I am, in many ways, a tremendous scaredy-cat.
I don’t make it through many horror movies without hiding behind my hands. They give me nightmares, and the jump scares get me every single time. To be honest, I don’t even need a movie to fall victim to a jump scare; loud noises and barking dogs and somebody sneezing when I don’t expect it will do the trick. You’ll never get me into a haunted corn maze because I am completely certain the corn will eat me. At a middle school sleepover, I flinched so dramatically when the hand came out of the TV in Poltergeist that I gave myself a charley horse. And you can ask my younger sister how much fun she has tormenting me with my fear of moths. (Yes, I know they are harmless and even rather cute. I just can’t stand the way they sit perfectly still for hours and hours and hours and you never know when they are going to flutter.) I’ve always been this way.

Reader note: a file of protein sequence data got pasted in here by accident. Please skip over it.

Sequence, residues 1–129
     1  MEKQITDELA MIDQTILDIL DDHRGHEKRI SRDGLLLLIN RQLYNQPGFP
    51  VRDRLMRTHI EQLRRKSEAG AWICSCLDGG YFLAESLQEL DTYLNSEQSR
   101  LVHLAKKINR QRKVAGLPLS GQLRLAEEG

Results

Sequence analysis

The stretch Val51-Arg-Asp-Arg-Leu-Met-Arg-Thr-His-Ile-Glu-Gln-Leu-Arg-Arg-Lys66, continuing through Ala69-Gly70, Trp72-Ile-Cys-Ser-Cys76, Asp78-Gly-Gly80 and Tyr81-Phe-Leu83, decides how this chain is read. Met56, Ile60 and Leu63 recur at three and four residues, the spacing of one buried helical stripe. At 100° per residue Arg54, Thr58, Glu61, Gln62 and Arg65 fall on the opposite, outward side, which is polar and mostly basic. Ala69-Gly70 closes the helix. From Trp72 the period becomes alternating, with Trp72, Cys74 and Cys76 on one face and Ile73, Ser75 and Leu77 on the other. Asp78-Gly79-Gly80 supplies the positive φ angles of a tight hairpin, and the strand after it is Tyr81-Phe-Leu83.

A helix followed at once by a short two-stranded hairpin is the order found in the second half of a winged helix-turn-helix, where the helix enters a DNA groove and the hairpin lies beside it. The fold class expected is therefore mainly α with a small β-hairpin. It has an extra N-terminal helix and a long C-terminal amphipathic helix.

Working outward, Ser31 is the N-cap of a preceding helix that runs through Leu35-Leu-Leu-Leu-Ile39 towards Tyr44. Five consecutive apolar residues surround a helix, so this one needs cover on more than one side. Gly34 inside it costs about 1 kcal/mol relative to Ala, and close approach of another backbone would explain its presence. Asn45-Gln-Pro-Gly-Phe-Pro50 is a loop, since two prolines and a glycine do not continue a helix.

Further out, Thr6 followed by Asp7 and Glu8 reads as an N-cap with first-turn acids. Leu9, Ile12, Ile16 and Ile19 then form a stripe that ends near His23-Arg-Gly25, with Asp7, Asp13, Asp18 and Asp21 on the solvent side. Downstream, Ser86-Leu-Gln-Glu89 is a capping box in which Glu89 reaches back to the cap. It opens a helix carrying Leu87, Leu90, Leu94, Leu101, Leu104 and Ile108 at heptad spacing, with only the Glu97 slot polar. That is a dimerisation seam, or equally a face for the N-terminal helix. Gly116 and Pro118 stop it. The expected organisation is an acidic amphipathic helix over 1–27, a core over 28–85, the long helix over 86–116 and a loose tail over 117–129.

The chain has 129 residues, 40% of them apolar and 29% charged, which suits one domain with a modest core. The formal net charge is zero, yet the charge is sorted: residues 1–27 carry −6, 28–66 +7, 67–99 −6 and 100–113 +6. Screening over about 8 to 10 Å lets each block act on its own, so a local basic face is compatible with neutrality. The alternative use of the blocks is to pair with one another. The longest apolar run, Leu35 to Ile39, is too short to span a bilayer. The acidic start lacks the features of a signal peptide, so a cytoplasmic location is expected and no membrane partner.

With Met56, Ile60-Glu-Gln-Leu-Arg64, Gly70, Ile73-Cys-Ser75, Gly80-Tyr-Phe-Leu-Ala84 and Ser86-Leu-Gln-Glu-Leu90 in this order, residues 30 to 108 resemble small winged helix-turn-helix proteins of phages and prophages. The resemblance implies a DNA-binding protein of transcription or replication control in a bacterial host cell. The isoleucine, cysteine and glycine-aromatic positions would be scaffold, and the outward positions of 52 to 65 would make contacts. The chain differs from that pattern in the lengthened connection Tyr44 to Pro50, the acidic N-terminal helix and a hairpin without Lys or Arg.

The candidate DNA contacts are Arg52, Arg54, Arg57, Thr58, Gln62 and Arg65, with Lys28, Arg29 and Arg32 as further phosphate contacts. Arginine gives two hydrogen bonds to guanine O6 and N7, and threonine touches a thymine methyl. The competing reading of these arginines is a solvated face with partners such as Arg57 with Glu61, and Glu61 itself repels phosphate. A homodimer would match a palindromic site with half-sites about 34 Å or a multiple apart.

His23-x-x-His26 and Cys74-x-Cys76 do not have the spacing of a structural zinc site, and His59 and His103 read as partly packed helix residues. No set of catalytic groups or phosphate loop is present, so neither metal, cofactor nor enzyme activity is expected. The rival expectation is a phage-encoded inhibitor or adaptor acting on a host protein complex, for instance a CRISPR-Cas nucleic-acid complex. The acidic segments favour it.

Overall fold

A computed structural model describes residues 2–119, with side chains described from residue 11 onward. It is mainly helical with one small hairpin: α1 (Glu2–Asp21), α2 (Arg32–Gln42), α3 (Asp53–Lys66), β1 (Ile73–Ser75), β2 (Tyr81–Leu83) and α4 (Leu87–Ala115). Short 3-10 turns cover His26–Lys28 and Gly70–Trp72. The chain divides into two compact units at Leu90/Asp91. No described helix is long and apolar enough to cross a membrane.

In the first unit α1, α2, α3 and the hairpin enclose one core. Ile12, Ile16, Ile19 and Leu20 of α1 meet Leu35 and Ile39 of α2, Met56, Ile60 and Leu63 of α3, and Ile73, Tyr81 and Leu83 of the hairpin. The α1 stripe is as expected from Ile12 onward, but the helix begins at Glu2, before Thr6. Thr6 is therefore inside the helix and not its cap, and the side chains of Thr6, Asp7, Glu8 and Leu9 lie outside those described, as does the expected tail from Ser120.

I also love horror fiction. Love it. Love to read it, love to write it, love to talk about it. Stories full of fucked-up shit are my jam. This doesn’t feel like a contradiction to me. I don’t think it’s a contradiction for many lovers of horror fiction. We like to poke and prod at all the things in the world that frighten us—rather like worrying at a sore tooth, except it’s never just one tooth. There are always more teeth. It’s teeth all the way down.